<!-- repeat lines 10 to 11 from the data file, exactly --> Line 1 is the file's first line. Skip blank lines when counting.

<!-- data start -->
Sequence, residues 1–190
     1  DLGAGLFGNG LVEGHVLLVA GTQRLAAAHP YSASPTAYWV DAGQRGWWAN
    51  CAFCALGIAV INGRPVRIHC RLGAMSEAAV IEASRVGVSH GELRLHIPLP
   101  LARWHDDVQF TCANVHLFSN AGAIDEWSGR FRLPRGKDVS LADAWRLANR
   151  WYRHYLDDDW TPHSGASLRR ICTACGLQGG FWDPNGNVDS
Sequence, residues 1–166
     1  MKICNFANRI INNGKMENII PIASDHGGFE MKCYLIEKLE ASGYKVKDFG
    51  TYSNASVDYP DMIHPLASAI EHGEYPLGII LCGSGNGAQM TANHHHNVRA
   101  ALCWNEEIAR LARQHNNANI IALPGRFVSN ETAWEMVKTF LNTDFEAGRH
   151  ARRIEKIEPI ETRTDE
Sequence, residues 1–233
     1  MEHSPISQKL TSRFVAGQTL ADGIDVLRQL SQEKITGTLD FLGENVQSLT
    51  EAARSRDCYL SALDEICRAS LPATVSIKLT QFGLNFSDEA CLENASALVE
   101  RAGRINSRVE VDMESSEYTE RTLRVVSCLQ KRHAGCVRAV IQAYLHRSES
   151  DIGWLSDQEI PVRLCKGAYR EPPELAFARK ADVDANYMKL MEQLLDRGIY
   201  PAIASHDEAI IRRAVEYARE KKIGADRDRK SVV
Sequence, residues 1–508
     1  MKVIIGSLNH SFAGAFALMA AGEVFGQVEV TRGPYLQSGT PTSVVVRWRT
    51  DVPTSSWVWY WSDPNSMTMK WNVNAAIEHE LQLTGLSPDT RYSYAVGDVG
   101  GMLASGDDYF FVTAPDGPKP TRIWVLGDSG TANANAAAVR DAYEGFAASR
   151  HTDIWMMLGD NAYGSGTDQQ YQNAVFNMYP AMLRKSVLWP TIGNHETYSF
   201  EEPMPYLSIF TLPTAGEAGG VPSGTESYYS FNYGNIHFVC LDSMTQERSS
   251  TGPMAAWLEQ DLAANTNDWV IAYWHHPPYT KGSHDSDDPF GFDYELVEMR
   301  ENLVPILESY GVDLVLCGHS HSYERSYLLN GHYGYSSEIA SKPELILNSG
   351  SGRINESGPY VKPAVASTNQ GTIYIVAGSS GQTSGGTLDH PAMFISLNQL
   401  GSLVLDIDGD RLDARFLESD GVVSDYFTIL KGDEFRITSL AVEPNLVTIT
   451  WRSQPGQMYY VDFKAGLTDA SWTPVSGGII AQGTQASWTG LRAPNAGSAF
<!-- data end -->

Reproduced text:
   151  ARRIEKIEPI ETRTDE
Sequence, residues 1–233